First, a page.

How Microsoft Uses Digital Signage for Internal Promotion and Communication

The software giant speaks to its employees and visitors, making communication a priority.

Like most large, multi-product companies, Microsoft has a lot of products and activities it wants to bring to the attention of employees, partners and prospects. The software monolith also has many buildings, both in the greater Redmond, Washington area and around the world. This means they have many internal and partner events that provide on-going opportunities to present timely information.

One of the informational mediums used is video. Much of this content is created and produced by the Microsoft Production Studios Network (MPSN), a sub-group within Microsoft’s Production Studios group, a state-of-the-art video production facility located in the greater Redmond area.

“We’re part of the central marketing group, and help handle internal media requirements for business needs,” says Daniel Orme-Doutre, a product engineer in MPSN. “About 80 percent of what we do is creating, producing and distributing video, primarily for internal or field site communications, including event support.”

Upgrading from Stale to Signage

Although the studio’s videos were being used by and within Microsoft, Orme-Doutre noticed that there were opportunities to put the content to greater use. “A lot of the business groups had digital screens in their buildings, but all they presented was localized PowerPoint presentations,” recalls Orme-Doutre. “And I noticed that a lot of these screens would go dark or empty, and many others would be showing stale content about old events.

“Given we had all these displays, and we were continuing to create compelling, informative video content, I thought we should be able to do better than that,” says Orme-Doutre. But when he tried to drum up support from Public Relations and Human Resources for doing digital signage across the campus, “I didn’t have any success, because using digital signage has a cost associated with it, and the cost was outweighing the perceived value.”

However, says Orme-Doutre, in 2009, an opportunity presented itself: “I started working with a real estate and facilities group within Microsoft who were doing a lot of “hang display” orders from groups that also included “and can you run the display, too?” requests — and they were getting support calls when something went wrong with a display.”

While working with the Real Estate and Facilities group, Orme-Doutre started a pilot digital signage project. “It didn’t take long to figure out how to build and manage a service that could use these displays as digital signs,” says Orme-Doutre.

Photo Gallery: Microsoft’s Digital Signage Techniques

The next step was at the content level. “I realized that groups needed fresh content as well as somebody to help them manage the tech side of these displays. The service group hanging displays were also getting content-related support calls. They also weren’t in the business of managing or supporting other people’s content. So I stepped up and said, ‘Let my group fill that void.’”

“Providing content for digital signage was a natural extension of what we already do with streaming and other digital content,” notes Orme-Doutre. “I run the IPTV technology for internal Microsoft activities, and we have our own analog and digital cable channels.”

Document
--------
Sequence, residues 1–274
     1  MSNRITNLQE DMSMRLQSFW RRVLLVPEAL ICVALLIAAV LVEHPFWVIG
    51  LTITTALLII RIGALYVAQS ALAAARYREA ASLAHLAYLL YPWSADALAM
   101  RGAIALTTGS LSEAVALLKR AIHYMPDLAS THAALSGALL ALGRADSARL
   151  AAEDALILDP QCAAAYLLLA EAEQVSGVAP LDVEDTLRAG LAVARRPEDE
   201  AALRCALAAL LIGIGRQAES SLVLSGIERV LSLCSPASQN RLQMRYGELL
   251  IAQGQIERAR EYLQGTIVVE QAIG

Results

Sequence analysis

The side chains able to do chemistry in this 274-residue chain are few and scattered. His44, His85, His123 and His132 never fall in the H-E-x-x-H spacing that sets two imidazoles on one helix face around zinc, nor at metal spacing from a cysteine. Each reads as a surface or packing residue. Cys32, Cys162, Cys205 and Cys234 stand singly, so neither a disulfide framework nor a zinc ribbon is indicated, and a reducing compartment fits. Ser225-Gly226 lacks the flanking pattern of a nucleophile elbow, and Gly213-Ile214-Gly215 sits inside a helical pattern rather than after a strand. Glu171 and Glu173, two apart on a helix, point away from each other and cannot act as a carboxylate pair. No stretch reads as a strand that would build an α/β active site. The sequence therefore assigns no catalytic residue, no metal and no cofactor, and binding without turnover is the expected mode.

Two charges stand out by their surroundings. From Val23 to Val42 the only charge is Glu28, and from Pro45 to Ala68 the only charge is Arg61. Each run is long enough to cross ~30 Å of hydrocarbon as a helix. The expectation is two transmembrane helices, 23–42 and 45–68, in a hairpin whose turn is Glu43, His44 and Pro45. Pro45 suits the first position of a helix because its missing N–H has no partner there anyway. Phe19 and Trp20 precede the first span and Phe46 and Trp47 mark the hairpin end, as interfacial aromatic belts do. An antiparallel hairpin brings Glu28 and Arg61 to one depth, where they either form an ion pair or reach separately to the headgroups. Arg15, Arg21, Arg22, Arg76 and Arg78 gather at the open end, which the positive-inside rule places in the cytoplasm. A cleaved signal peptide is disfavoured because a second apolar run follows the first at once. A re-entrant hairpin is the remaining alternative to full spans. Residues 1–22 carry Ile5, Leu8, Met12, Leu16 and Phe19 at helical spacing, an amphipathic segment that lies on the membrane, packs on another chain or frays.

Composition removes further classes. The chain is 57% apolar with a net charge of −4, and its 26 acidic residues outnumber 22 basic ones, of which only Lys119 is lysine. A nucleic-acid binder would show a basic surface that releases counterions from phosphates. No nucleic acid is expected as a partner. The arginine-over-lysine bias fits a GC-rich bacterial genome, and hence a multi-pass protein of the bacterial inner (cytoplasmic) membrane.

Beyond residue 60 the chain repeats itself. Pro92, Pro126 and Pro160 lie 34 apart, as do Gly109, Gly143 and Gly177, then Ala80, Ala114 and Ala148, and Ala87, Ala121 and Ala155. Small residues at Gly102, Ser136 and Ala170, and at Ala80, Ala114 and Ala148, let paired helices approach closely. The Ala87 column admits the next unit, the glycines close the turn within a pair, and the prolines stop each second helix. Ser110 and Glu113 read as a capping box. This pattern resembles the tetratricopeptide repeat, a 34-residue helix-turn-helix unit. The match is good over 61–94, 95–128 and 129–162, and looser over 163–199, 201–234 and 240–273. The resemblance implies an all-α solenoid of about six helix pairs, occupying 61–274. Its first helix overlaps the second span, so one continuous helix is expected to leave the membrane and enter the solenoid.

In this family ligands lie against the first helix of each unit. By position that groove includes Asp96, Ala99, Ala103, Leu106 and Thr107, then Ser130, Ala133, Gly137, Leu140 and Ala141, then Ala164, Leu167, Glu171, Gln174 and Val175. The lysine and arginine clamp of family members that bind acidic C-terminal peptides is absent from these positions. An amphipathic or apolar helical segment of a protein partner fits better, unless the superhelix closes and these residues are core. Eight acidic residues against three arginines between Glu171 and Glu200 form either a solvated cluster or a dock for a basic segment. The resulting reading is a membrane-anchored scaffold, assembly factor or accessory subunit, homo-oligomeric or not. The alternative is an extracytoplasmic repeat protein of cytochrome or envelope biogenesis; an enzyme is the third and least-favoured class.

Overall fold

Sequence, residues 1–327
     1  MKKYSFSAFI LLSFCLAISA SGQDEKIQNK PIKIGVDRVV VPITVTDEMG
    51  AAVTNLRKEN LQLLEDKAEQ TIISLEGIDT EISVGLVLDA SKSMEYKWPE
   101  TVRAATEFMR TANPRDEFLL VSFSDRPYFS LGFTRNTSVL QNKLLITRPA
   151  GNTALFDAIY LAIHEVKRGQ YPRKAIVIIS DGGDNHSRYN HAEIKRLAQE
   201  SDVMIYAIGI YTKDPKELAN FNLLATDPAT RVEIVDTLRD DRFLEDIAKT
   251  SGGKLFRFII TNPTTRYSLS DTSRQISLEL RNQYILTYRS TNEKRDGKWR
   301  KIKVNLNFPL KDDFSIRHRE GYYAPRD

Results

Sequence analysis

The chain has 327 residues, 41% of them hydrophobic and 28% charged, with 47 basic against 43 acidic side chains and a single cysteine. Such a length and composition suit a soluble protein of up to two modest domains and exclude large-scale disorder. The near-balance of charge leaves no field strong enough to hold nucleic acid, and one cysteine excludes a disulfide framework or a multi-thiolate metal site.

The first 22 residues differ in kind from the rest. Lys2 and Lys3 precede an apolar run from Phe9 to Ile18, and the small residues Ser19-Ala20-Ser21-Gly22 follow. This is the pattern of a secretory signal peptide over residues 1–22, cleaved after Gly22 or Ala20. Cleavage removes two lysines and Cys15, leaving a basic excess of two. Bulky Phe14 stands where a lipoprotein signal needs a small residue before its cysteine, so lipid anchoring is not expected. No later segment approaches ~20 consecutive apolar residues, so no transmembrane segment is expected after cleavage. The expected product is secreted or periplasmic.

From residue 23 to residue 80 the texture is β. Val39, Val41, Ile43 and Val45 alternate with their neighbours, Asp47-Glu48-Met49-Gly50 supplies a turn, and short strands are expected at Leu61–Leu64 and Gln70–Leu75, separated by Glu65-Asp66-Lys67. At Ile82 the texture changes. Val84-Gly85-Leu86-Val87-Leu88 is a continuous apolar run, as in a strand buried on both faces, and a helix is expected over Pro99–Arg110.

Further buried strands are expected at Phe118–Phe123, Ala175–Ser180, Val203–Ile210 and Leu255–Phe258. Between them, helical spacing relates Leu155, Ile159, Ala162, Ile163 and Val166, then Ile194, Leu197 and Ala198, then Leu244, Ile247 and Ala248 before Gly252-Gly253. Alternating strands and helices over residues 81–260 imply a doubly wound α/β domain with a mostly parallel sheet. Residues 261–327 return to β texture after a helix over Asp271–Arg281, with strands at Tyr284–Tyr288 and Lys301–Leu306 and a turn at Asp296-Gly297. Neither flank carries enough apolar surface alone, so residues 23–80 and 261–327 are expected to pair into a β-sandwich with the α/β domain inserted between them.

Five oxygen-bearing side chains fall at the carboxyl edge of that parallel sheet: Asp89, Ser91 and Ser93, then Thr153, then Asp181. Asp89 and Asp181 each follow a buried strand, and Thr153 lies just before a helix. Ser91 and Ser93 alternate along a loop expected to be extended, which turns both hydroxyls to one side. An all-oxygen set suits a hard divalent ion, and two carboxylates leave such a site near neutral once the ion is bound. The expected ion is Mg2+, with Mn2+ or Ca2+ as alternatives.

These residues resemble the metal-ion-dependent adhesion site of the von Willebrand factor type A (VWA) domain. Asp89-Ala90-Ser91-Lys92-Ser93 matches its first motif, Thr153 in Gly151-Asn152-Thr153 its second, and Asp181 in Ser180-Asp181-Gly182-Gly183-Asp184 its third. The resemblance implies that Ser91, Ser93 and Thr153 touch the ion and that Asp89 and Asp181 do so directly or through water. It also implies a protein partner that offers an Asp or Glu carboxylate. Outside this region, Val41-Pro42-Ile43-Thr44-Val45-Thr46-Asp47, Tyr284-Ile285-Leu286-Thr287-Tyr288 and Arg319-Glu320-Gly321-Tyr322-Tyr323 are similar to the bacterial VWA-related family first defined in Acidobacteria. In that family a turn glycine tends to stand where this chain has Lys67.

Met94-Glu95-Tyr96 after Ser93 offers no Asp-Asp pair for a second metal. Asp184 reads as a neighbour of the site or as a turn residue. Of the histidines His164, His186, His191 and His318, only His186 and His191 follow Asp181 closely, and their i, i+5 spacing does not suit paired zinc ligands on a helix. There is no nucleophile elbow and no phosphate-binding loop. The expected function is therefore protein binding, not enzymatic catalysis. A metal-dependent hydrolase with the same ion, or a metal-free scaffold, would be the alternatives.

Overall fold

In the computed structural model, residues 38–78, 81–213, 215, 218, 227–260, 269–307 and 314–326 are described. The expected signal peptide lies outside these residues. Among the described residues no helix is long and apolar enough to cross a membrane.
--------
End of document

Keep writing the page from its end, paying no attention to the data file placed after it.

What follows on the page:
To create and manage content intended for digital signs, since Microsoft does not make digital signage products, Orme-Doutre selected a third-party digital signage content management system (DS CMS) that, not surprisingly, ran on Windows servers and player PCs. “We like to choose partners that can showcase Microsoft technology. We also made sure it used .NET and Windows Presentation Foundation (WPF), with ties to SQLserver.”

With a DS CMS in place, “We continue to work with Real Estate and Facilities, so that groups are purchasing the right displays for their areas, and installing and mounting them correctly. And then we manage the player PCs and the content management.”

For the content itself, “We partner with lots of groups, [including] the XBox team, central marketing and other business groups,” says Orme-Doutre. “We work with groups for location-specific marketing, general feeds, and other content. In addition, we ‘backfill’ localized content with corporate content, like news announcements and videos from HR and internal corporate communications. And on some displays we also provide traffic, weather, news and other feeds.”

Microsoft Production Studios has been providing digital signage content as a full service since mid-2011, according to Orme-Doutre. “We have a document talking about the service and its benefits. When we get a request, I do a site survey to see if there’s a display there already, and if not, what’s needed. I’ll help order the displays and make sure the cabling and power will be sufficient. And once the display is mounted and connected, we have workflows and processes to get content to us, and a mailing address team alias in case there are any content or support issues. So it’s pretty scalable.”

Currently, Orme-Doutre’s group is responsible for over 30 digital signage displays, located in over 10 buildings. “Most of these are in Redmond, but we also have several in our Silicon Valley satellite campuses, a few in India and we’re looking to extend in Europe.”

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